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alpha gpc for memory executive functioning skills improve working memory memory supplement improve memory

Can Alpha GPC help you make better decisions?

Published Jul 29, 2022 | Updated Mar 19, 2024

Let’s say you are scheduled for an interview for your dream job tomorrow at 9 am. You have been looking forward to this for a long time. You review your notes and complete practice questions (planning). You fight the urge to scroll through social media and go to bed early to get a good night’s rest (self-control). You set your alarm for 7:30 am to ensure enough time to get ready before the interview (time management). You arrive on time, and are presented with different tests including solving verbally presented scenarios and mental maths problems (attention, working memory). The interview lasted three hours but you powered through (perseverance). You got the job! 

What are executive functions?

Planning, self-control, time management, attention, working memory and perseverance are different types of executive functions. These are the most advanced mental skills, unique to humans due to a highly evolved brain. Looking at the interview scenario, it is evident that to make better decisions at each stage of an important event/task, each of these skills are highly valuable.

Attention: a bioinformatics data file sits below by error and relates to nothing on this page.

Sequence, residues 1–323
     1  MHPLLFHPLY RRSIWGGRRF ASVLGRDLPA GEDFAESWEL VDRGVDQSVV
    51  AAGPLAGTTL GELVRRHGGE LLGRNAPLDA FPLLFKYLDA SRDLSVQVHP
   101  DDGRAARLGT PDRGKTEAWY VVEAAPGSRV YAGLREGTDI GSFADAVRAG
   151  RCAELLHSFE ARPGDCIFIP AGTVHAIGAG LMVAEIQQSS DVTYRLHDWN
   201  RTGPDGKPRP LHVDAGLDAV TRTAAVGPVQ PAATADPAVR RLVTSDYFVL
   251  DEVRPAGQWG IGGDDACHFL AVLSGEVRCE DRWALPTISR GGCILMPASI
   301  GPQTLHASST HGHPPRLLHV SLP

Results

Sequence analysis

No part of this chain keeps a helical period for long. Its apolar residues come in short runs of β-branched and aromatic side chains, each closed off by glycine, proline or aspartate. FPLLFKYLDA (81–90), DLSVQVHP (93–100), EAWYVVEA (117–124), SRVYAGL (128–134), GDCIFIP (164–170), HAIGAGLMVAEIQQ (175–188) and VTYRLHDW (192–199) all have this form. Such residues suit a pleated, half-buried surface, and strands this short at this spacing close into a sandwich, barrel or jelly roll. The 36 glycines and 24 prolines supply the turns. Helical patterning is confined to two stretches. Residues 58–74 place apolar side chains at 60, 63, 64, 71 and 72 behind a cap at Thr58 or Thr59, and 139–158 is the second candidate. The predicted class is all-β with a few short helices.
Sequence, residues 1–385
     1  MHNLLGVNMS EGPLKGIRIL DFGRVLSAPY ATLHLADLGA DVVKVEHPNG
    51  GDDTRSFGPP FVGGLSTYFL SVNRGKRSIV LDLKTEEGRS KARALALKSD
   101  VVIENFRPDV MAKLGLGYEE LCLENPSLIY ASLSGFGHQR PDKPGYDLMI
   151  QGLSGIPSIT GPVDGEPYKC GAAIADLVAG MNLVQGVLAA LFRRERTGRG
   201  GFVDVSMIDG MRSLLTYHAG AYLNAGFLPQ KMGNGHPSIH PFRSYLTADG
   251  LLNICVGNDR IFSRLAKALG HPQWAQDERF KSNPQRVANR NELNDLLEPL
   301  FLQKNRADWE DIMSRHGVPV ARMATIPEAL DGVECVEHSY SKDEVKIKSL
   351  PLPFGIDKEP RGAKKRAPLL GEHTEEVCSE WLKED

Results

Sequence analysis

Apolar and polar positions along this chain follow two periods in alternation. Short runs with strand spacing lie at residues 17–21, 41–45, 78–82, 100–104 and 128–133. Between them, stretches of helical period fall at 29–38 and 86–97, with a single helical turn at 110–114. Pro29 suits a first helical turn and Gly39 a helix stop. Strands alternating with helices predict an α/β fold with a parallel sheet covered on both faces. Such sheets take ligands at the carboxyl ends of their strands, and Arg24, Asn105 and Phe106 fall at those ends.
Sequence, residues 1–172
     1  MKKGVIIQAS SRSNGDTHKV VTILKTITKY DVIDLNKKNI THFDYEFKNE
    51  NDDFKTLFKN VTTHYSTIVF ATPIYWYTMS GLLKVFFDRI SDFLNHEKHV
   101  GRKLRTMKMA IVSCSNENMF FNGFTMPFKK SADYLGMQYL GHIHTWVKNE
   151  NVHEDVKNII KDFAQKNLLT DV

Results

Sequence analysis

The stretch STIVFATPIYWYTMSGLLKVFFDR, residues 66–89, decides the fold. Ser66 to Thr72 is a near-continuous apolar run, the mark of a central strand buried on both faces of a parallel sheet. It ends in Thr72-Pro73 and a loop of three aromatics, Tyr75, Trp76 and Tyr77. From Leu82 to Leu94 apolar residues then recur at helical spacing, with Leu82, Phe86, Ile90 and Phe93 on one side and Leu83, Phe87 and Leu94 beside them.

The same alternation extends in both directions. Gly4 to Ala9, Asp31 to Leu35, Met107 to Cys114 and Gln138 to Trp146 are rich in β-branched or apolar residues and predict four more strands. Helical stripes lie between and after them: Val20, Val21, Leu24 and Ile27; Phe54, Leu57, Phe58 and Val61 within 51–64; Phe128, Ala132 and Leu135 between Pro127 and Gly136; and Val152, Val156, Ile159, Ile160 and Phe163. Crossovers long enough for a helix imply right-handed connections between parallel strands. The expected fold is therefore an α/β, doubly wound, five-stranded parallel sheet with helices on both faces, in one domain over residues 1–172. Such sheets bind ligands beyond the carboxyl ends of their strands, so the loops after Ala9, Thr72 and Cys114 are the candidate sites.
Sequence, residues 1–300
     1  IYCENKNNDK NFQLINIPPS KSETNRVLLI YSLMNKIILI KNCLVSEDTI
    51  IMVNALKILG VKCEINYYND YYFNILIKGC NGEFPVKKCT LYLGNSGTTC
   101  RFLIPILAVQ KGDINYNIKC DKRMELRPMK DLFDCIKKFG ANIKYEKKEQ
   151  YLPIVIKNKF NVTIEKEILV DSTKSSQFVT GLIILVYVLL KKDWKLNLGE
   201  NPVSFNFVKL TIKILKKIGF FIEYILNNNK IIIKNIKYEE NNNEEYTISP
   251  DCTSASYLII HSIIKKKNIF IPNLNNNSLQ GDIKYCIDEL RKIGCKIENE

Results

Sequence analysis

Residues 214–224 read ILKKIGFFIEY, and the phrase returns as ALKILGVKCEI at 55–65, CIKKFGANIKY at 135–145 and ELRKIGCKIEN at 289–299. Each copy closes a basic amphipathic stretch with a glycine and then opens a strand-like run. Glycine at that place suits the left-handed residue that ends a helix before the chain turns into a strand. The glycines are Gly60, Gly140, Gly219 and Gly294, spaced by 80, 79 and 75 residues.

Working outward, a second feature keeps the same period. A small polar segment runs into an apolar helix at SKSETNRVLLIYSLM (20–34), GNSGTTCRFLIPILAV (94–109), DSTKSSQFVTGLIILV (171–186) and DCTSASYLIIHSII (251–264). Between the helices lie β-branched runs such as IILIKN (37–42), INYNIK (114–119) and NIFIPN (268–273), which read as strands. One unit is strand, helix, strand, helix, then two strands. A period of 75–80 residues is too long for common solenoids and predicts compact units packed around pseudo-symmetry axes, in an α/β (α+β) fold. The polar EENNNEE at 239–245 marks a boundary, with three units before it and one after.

What happens in the brain?

Humans are not born with these skills, and they must be taught and honed over time. The brain involves multiple sites and chemical messengers to develop executive functioning skills. The brain area that works like an executive functions’ supervisor, collecting messages from different parts and passing orders is located at the front of the brain. A specific brain chemical plays a major role in working memory and attention in this area. It is called acetylcholine. It is produced in the brain from a nutrient that can be obtained from the diet or supplements and must be present in adequate amounts for optimum brain levels. This nutrient is called choline and is required at every stage of life and is used for different purposes in the body. Low choline intake will lead to decreased acetylcholine which can impact advanced brain skills.

How can you get a steady supply of acetylcholine?

Choline can be consumed from protein rich foods like beef liver, eggs, almonds, and baked beans [1]. For those with low intake of these foods, supplements can help increase choline available to make the brain chemical that impacts memory and attention. Alpha GPC is a supplemental form of choline that is better than other forms because the brain allows its free entry, and it is 40% choline by weight which is double than provided by other supplements. Brain feed has created the world’s 1st 500mg Alpha GPC capsule containing 99% Alpha GPC* (the purest form of Alpha GPC).

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How does acetylcholine impact working memory?